Winner of the Nobel Prize in 1981, James Tobin is one of the principle figures in contemporary Economics. These original contributions by such noted economists as Robert Solow, Paul Samuelson, Richard Cooper, and Edmund Phelps celebrate and extend Tobin's contributions to macroeconomics, international economics, finance, and economic policy.
Contents: Introduction. James Tobin's Contributions to Economics, Douglas D. Purvis. Macroeconomics. Tobin on Money and Wages, Robert M. Solow. How Large Are the Losses from Rule of Thumb Behavior in Models of the Business Cycle? George A. Akerlof and Janet L. Yellen. Debt Neutrality, Redistribution, and Consumer Heterogeneity: A Survey and Some Extensions, Willem H. Buiter. International Economics. Effectiveness of Macropolicies in Small Open-Economy Dynamic Aggregative Models, Edmund S. Phelps. Toward an International Commodity Standard? Richard N. Cooper. Finance. Long-Run Risk Tolerance When Equity Returns Are Mean Regressing: Pseudoparadoxes and Vindication of "Businessman's Risk," Paul A. Samuelson. Coping with the Term Structure, Gary Smith. Contract Design, Intermediation, and Interest Rate Variability, Donald D. Hester. Fundamental Value and Market Value, William C. Brainard, Matthew D. Shapiro, and John B. Shoven. Economic Policy. Goals and Conduct of Stabilization, George L. Perry. Excerpts from a Political Handbook for Economic Policy Advisers, Charles L. Schultze. Budget Deficits, National Saving, and Tobin, Edward M. Gramlich. Government Policy to Promote Economic Growth, William Nordhaus. Concluding Remarks, James Tobin. Comments: John Y. Campbell, Steven N. Durlauf, Benjamin M. Friedman, Koichi Hamada, Harry M. Markowitz, Jerome L. Stein, and Harold W. Watts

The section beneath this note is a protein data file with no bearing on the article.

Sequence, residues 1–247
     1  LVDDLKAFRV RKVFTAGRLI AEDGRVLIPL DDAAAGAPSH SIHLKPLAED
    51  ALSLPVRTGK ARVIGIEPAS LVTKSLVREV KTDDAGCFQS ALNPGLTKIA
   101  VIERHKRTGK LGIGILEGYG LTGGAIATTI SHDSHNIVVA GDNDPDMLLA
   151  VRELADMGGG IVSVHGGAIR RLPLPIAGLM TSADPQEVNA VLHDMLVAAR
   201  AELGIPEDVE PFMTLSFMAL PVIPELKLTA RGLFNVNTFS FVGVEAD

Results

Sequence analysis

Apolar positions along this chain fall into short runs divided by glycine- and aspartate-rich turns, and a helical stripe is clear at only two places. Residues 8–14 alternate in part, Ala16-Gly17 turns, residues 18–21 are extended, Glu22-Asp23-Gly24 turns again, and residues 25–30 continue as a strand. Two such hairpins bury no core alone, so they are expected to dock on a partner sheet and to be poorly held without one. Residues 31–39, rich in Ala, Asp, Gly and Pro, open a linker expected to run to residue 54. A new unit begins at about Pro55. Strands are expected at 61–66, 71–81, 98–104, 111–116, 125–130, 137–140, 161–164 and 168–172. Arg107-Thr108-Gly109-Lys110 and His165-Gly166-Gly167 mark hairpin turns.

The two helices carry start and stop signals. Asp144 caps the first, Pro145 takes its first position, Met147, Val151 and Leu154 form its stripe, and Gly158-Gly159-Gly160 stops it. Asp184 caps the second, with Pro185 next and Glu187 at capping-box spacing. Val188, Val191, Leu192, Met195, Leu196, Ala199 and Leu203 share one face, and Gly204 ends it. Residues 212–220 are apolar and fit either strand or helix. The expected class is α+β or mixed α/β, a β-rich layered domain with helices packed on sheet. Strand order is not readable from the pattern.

About the Editors
William C. Brainard is Professor of Economics at Yale University.
William D. Nordhaus is Sterling Professor of Economics at Yale University.
Harold W. Watts is Professor of Economics at Columbia University.